‘Spider Boys’: Interview with Author Ming Cher
Last week, our editor Jocelyn offered some insight into the editorial process behind Ming Cher’s Spider Boys—part of our Singapore Classics series—and gave us an overview of the gritty story set in 1950s Singapore. Today, read on to find out more about the novel from the author himself!
Epigram Books: What prompted you to write Spider Boys? At which point in your life did you write it?
Ming Cher: I wanted to write a novel about Singapore’s recent history since the country had changed so much over a 30-year period. I began writing in 1988 when my son Marco was five years old (Marco has an Australian mother) to show him something of my own childhood at around his age. I was living in Auckland and had just sold a shop on Grafton Road which I had owned for ten years (Batik Bazaar) and was at a loose end and needed something to do.
I also wanted to move into the present by setting down everything I knew personally about the past. The past is of value especially when it leads us into the future.
EB: How long did it take you to write Spider Boys?
MC: It took me four years to write Spider Boys. Writer’s block was always a problem and my English was not really up to the task. The writing went very, very slowly. A page often seemed to take an eternity.
EB: Which of the characters do you most closely identify yourself with? Why?
MC: I identify with most of them in a literary sense. I should stress that while it is not “my” story, many of them are based loosely on my friends—Kwang, Chinatown Yeow, Sachee. It is however a work of fiction—to protect the reputations of the innocent! Although it sounds autobiographical, it is not an autobiography. My own life has been different and often darker than the events within the book. I am however proud of all my characters in their struggle for survival and in their truth to themselves. They are colourful and essentially honest. There is a lot about life in Singapore that I do not wish to talk about.
EB: We understand that you grew up in Bukit Ho Swee, represented in the book as Ho Swee Hill. How did life change after the big fire in 1961?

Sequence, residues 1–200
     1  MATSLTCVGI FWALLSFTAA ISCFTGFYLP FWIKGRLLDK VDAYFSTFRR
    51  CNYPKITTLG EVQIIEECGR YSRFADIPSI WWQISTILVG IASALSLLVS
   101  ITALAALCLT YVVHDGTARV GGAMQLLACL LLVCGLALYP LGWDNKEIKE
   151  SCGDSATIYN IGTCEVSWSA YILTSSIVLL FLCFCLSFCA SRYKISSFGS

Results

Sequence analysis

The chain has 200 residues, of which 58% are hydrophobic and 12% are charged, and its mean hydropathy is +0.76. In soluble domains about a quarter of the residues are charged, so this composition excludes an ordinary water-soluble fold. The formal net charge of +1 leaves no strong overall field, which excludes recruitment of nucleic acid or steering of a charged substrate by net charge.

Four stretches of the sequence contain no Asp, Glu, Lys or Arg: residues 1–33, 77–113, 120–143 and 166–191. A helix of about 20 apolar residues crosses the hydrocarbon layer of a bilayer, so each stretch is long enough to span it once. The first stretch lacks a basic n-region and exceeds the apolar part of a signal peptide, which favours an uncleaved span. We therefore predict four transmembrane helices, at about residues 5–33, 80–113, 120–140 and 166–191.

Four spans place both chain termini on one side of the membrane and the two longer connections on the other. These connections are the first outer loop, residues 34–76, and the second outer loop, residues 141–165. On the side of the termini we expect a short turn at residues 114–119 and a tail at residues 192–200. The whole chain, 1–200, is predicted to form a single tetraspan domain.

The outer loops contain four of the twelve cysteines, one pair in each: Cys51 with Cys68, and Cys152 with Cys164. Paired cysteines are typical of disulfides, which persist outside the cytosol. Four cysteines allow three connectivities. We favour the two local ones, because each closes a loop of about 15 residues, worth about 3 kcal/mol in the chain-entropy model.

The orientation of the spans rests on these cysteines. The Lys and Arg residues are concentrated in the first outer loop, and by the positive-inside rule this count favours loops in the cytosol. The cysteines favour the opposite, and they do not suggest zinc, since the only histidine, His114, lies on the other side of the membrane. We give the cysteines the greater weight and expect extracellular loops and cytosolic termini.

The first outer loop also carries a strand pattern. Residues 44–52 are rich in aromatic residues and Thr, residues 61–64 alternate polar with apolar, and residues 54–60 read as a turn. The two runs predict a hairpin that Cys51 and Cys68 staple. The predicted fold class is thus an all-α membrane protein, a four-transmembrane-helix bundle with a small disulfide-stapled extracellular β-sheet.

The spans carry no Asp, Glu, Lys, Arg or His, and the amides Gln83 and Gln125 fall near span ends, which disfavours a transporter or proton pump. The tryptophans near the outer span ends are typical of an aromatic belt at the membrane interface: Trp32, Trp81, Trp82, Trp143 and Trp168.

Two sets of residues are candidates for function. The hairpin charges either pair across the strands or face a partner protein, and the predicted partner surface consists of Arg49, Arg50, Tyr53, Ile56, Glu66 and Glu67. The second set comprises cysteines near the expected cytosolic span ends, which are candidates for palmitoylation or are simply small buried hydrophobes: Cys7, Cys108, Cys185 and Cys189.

MC: I was away from Bukit Ho Swee, living on construction sites wherever there was work—Jurong, Bedok. The whole face of Singapore was changing rapidly and we lived in workers’ camps wherever the big jobs were.
EB: Why did you leave Singapore? Do you think you’ll return any time in the future?
MC: I went to work in Sabah and then worked in Vietnam as a construction supervisor. I became a seaman and for seven years sailed all over the world with many of the big lines at that time—Hogg Line, under the Norwegian flag, Neptune Orient Lines (Singapore), KDM Shipping.
However, my six brothers and sisters all remain in Singapore. If I return, it will be only as a visitor, since I relinquished my citizenship for citizenship in New Zealand.
Original 1995 Penguin and William Morrow editions of Spider Boys
EB: Spider Boys had been out of print for several years now. Do you have any particular thoughts on this new edition?
MC: I am delighted by this new Singaporean and Malaysian edition for many reasons. The first is that I am working on a sequel to Spider Boys, which follows the characters after the first novel ends. It is called Big Mole and any interest which comes as a result of the new edition may translate into interest in the sequel.
The second reason is that the book has never been published before in Singapore. It has been successful in the US, in Australia and New Zealand, and in Italy. It is the subject of many university courses on Asian writing in English but, really, has been looking for its true home for almost twenty 2 years.
The third reason is that it was written away from Singapore, and from memories of a distant past, so naturally there were some inaccuracies. The excellent team at Epigram Books, and in particular my editor there, Jocelyn Lau, have ensured through diligent historical investigation and enquiry that location and street names are all accurate for the time it was written, which means, in turn, that it will read more authentically for a contemporary Singaporean. These things do not matter in an “overseas” publication, but are vital in your homeland. Funnily enough, the Italian edition, I Ragazzi di Singapore, was very popular with readers there because in translation into the Italian tongue, the street slang of the spider boys rang true immediately for local readers!
Find out more about Ming Cher’s Spider Boys and read sample pages from the novel here.